A small, flat-growing, yellow-flowered legume herb graces the dreary Highveld landscape in early spring. This delicate, silvery plant highlights the importance of appreciating the Highveld in all seasons.
Lotononis calycina is a prostrate (flat-growing) perennial herb growing at altitudes of 458–1730 m, often forming mats. Plants are short-lived and flower from the first year of growth and resprout every year from an undivided taproot. Leaves are trifoliolate (having 3 leaflets) with the leaflets elliptic-obovate, apiculate (having a short, sharply pointed tip), hairless above and hairy below. Flowers appear in groups of 1–3 and are leaf-opposed; the standard (the broad, upper ± erect petal) is bright yellow, somewhat shorter or equal in length to the keel (the 2 front petals fused into a boat-shaped structure), hairy on the outside; the wings (the 2 side petals, one on each side of the keel) are characteristically much shorter than the keel; the keel usually has a blunt reddish-purple tip and is hairy. Flowering time ranges from August–December. Pods are narrow, oblong-obovate and densely hairy.
Lotononis calycina currently has no IUCN Threat Status since it is one of the most common species in the genus. The species occurs over a rather large geographical area and is not confined to specific substrates—although clearly having a high affinity for dolomite. Agricultural and urban development may endanger its distribution in Gauteng ; however, the species is widespread in many of the nature reserves within the Province.
A close relative of this species, L. adpressa subsp. leptantha is classified according to IUCN standards as being Data Deficient and therefore possibly in need of official protection. The two superficially similar species can easily be distinguished by checking the upper surface of leaflets; those of L. adpressa subsp. leptantha are densely hairy, whilst those of L. calycina are hairless.
Distribution and habitat
Lotononis calycina occurs in most of the northern and eastern parts of southern Africa, and its distribution range extends to Angola, Namibia, Zimbabwe and Lesotho. In South Africa, the species is especially widespread in the eastern half of the country and occurs in the Provinces of Limpopo, North West, Gauteng, Mpumalanga, Free State, KwaZulu-Natal, Northern Cape, and Eastern Cape. It grows in undisturbed grassland but has been recorded to colonise disturbed areas, such as roadsides, to a minor extent. This species is frost tolerant and adapted to summer rainfall.
Derivation of name and historical aspects
By most standards, Lotononis is a large genus with about 150 species of which 144 occur in southern Africa. The genus is particularly common in temperate southern Africa with a few species present in northern Mediterranean Africa, eastern and central Africa, and Pakistan. The species richness, however, decreases drastically from south to north.
Lotononis calycina was first described in 1836 by Ernst H.F. Meyer from material collected by Drège in the Eastern Cape Province of South Africa.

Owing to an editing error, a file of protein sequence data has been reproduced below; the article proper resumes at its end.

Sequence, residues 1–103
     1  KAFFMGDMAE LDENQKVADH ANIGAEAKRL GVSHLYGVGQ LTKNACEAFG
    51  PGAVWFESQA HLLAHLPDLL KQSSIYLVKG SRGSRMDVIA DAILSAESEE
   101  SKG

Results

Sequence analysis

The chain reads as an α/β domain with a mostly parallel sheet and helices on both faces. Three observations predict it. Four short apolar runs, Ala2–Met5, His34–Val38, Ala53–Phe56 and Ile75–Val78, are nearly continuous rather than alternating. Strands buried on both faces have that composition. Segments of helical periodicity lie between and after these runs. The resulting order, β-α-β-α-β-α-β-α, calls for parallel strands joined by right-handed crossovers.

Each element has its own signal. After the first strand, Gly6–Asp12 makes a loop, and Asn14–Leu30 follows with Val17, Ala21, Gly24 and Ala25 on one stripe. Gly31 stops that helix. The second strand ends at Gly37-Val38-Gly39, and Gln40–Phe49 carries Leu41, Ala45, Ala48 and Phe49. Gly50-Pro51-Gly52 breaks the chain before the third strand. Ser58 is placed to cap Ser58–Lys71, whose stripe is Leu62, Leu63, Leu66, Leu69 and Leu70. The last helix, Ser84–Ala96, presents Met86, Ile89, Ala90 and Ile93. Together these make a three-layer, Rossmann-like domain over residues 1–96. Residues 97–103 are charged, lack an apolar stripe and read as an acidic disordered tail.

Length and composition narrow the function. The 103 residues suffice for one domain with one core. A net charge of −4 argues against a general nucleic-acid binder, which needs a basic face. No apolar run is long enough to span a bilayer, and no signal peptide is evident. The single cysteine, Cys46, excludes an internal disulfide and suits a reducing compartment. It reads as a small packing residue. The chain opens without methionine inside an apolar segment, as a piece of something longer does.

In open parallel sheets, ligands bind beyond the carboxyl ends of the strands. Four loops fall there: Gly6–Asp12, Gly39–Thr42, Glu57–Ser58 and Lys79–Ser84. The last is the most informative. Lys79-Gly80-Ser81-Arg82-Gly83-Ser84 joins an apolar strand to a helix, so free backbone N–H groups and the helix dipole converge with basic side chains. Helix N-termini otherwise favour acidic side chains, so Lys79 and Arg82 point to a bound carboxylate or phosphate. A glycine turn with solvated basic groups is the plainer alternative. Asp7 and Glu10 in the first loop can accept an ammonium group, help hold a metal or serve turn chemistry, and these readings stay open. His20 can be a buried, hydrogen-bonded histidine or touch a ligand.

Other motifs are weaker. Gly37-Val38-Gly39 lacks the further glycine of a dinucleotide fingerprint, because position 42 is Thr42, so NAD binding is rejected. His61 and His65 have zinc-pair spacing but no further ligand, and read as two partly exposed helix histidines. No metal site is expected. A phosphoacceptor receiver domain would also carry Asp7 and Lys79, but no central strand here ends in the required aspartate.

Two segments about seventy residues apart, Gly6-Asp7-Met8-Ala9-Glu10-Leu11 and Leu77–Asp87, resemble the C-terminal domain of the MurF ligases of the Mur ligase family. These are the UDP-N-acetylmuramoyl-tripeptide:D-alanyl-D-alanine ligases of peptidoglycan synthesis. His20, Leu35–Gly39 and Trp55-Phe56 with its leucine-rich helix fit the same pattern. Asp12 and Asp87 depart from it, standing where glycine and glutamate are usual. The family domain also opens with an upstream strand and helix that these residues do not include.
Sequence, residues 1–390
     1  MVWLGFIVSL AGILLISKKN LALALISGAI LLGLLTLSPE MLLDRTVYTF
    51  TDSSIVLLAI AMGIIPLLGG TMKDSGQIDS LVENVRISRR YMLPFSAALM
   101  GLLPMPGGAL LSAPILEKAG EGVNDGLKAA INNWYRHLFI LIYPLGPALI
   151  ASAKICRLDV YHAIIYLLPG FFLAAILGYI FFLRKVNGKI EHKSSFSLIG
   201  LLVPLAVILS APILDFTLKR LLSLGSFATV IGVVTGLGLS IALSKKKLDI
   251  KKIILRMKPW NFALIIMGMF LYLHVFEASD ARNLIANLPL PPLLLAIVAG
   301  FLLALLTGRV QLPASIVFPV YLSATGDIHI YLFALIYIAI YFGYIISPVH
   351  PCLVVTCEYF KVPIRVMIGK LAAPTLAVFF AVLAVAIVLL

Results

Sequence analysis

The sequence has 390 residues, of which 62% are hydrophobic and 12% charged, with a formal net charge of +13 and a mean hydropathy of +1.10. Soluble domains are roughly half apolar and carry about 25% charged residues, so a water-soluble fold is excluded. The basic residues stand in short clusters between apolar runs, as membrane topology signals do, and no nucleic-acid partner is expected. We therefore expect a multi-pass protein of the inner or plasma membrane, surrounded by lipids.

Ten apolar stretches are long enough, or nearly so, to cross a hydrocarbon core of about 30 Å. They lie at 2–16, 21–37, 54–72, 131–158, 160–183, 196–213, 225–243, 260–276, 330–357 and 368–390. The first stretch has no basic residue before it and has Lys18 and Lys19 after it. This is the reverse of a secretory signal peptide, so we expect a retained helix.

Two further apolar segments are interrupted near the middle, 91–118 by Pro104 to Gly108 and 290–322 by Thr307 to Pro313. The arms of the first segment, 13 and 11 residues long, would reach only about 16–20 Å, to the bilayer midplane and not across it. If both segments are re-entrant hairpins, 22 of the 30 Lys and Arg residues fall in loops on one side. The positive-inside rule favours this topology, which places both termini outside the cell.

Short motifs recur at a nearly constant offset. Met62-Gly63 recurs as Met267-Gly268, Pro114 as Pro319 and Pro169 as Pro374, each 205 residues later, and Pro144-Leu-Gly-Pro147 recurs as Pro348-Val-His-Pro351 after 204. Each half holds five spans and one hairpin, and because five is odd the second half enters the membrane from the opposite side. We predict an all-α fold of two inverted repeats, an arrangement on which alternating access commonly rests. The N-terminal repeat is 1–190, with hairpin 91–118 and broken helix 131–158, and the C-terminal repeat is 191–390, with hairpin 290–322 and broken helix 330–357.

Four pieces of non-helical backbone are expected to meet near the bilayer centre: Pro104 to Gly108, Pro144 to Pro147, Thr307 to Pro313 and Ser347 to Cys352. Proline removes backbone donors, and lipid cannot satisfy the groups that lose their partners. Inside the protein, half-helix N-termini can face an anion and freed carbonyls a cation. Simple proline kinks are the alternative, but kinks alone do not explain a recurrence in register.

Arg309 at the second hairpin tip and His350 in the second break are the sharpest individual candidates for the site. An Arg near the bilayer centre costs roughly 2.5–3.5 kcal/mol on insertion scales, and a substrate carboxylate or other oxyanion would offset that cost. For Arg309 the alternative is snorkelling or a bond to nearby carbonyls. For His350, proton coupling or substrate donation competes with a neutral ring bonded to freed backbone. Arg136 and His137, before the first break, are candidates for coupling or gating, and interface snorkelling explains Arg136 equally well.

As with most of our indigenous wild flowers, we have no knowledge of this species' pollinator, mechanism of seed dispersal or other plant-animal interactions. Since the flowers are rather small, one might guess that the likely pollinators are small, solitary bees or dipterans. This plant can also be classified as one of the so-called pre-rain flowers of the Highveld. Many plants of the Highveld Grassland accumulate and store water in underground storage organs such as roots and bulbs which allows them to resprout in early spring regardless of rainfall. It is hypothesized that this gives them a competitive advantage with regards to pollination over the many and much taller grass species in the biome.
Uses and cultural aspects
Ethnobotanically, it has been recorded that the Southern Sotho use L. calycina in a mixture of other Lotononis species (L. decumbens subsp. decumbens, L. decumbens subsp. rehmannii and L. mucronata) to prepare a bronchitis remedy for children. No other traditional economic, medicinal or other uses are known. The flowers are exceptionally small, yet striking in appearance and it should be interesting to know which insects visit them. Because of its attractive leaves, this plant should not be overlooked as a potential horticultural candidate, especially for ground covering purposes and in rockeries.
Growing Lotononis calycina
As with many of our indigenous Highveld species, no information exists as to the growing conditions and requirements for L. calycina. One may deduce from the phenology (the study of the pattern of events in nature) the periods when and for how long the plants flower, fruit, produce seeds, etc.) when optimal planting time should be, and try to simulate, as far as possible, conditions in the wild. Often the seeds are heavily parasitised by insects and care should therefore be taken when harvesting them from nature to select only viable ones. Seeds should be sown late in winter or early spring and watered regularly until they germinate. Once planted, L. calycina should not be removed, because damage to the roots could cause the plant to die.
References and further reading
- LETTY, C. 1962. Wild flowers of the Transvaal. Wild flowers of the Transvaal Book Fund, Pretoria.
- POLHILL, R.M. 2003. Lotononis. Flora Zambesiaca 3 (7): 240–241.
- POOLEY, E. 1998. A field guide to the wild flowers of KwaZulu-Natal and the eastern region. Natal Flora Publications Trust, Durban.
- VAN WYK, B.-E. 1991. A synopsis of the genus Lotononis (Fabaceae: Crotalarieae). Contributions from the Bolus Herbarium 14, University of Cape Town.
- WATT, J.M. & BREYER-BRANDWIJK, M.G. 1962. The medicinal and poisonous plants of southern and eastern Africa, edn 2. Livingstone, London.